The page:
Sweeney’s conservative tilt on foreign policy doesn’t mean that “the bad old days” of CIA funding and intervention have returned, as Labor Notes and the Nicaragua Network seemed to suggest in recent articles on Venezuela. Although nearly all the money for the AFL-CIO’s overseas programs still comes from the U.S. government, Sweeney’s international affairs team has made a clear break with past AFL-CIO policies of collaborating with U.S. agencies to influence governments and trade unions abroad. Under the leadership of AFL-CIO International Affairs Director Barbara Shailor, the AFL-CIO has refocused much of its work overseas around globalization and fair trade. In the situation in Venezuela, AFL-CIO officials argue that the Solidarity Center used NED money to support progressive and even left forces within the CTV and had absolutely nothing to do with the coup. When asked about the wisdom of using money from NED-which was created to funnel money to groups that oppose governments at odds with the United States-they say it comes with no strings attached and is used to build support for unions and freedom of association around the world. AFL-CIO members, however, would be better served with more transparency from the Solidarity Center and the International Affairs Department about its programs and their relationship to the priorities set in their funding by the U.S. government and the NED.
Bottom Line

These strands of labor policy reflect both a continuation and a break with the policies of the past. Sweeney’s embrace of Israel, for example, is partly the result of decades of cooperation between the AFL-CIO and Histradut, the Israeli labor federation, while the federation’s ties with the CTV in Venezuela go back nearly three decades. Many of the changes made by Sweeney’s AFL-CIO-such as the reorganization of its overseas institutes and the orientation of policies around globalization-began during the years when Kirkland and Tom Donahue ran the organization. Yet many of the AFL-CIO’s actions, such as its opposition to continued funding for the School of the Americas, its warnings against U.S. military involvement in Colombia, its participation with left and progressive forces in the global justice movement, and its endorsement of the Jubilee 2000 movement to end Third World debt, would have been unthinkable during the previous regime.


The events of 9/11 were a wake-up call for the labor movement. Until the attacks of the Twin Towers and the Pentagon, “the predominant focus of our work was the economics of globalization, and foreign policy issues were very much in the background,” Shailor explained in an interview for this article. “So the work we came to do has been defined by the global economic model being thrust on much of the world and our commitment to find a way to achieve sustainable, democratic economic development.”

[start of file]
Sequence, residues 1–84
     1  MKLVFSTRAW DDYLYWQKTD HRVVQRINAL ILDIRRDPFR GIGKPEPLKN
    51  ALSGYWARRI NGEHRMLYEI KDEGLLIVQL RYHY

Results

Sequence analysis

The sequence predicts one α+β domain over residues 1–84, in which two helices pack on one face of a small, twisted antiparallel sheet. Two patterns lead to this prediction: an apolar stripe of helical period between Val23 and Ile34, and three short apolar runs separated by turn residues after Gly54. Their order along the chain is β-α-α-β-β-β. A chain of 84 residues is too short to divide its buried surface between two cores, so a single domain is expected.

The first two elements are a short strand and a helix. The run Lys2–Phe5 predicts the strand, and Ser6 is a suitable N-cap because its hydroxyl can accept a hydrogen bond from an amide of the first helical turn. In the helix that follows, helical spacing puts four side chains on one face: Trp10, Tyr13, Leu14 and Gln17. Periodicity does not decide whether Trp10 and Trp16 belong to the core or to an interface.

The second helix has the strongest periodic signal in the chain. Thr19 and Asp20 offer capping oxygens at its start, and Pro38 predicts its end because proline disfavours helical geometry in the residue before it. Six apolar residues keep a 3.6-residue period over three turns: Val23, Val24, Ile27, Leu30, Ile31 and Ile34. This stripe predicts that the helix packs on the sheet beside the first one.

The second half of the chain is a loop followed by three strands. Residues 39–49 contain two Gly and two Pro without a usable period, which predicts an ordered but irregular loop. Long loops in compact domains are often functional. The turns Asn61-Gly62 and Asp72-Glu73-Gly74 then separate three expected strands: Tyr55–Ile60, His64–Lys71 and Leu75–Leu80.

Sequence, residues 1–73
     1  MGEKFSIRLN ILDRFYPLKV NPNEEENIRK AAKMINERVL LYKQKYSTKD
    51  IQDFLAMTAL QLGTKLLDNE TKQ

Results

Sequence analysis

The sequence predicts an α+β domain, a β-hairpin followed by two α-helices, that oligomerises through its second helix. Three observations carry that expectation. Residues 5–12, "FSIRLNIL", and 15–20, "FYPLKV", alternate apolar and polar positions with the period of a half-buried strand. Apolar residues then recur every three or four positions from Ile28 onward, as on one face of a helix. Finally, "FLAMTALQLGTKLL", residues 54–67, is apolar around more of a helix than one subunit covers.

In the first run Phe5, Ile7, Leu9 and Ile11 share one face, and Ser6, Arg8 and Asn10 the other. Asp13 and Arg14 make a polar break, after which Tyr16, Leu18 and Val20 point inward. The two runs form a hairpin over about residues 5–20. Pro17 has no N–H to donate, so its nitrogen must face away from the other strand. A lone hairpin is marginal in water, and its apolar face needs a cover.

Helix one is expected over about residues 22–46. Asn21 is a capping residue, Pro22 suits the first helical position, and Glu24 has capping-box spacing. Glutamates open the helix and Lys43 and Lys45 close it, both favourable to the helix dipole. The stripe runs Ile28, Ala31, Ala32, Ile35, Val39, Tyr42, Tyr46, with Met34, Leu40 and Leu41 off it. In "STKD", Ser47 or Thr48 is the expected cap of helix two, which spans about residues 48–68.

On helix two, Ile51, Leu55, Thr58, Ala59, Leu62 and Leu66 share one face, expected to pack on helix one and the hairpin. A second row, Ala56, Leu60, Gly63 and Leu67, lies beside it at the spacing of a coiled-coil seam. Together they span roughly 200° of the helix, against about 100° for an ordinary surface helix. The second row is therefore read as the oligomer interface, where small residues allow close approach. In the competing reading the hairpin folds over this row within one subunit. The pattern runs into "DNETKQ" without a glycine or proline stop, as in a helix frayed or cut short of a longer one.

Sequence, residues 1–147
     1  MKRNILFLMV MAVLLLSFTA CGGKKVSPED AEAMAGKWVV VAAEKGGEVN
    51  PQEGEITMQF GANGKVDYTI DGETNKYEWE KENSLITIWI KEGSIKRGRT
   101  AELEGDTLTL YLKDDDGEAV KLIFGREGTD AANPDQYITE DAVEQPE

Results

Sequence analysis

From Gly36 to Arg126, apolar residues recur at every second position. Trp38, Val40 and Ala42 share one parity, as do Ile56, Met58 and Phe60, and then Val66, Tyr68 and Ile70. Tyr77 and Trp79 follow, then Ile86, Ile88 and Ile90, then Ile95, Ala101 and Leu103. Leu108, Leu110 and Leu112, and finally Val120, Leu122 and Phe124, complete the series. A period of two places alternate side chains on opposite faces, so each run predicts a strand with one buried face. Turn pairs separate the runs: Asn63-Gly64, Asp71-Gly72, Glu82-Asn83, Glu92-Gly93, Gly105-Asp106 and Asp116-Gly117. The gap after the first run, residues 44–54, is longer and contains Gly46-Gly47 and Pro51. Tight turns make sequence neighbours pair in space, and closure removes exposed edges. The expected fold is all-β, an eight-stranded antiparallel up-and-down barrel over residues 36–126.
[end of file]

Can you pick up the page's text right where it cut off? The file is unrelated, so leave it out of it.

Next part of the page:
As a result, she said, the efforts of “the International Affairs Department, the Solidarity Center on the country level, the departments of corporate and public affairs, are focused on issues of how we deal with the reality of the neo-liberal model we’re confronted with.” Looking back at the global coalition against corporate-led globalization that climaxed with the confrontations in Seattle in 1999, the AFL-CIO under Sweeney has been “enormously successful. Three or four years ago this wasn’t even on anyone’s radar screens.” That overwhelming concern with globalization also drives the AFL-CIO’s work at the Solidarity Center, funded by NED, the Agency for International Development, and some private foundations, Shailor said.

Sweeney, Shailor said, agreed to appear at the rally for Israel after consulting with other members of the AFL-CIO executive council. She explained that AFL-CIO policy on Israel is rooted in the AFL-CIO’s “long-standing set of relationships” with both Israeli and Palestinian trade unions. Overall, the AFL-CIO has a “dramatic interest” in peace and stability in the region and is “reaching out in every way possible.” U.S. Ambassador Dennis Ross, President Clinton’s lead negotiator in the Middle East, recently briefed the AFL-CIO’s international affairs committee. In addition, the AFL-CIO has launched a substantial dialogue with the International Crisis Group, a nongovernmental group (funded in part by the NED) that seeks to resolve conflict in key parts of the world. “The labor movement is not shirking its responsibility” in the region, said Shailor.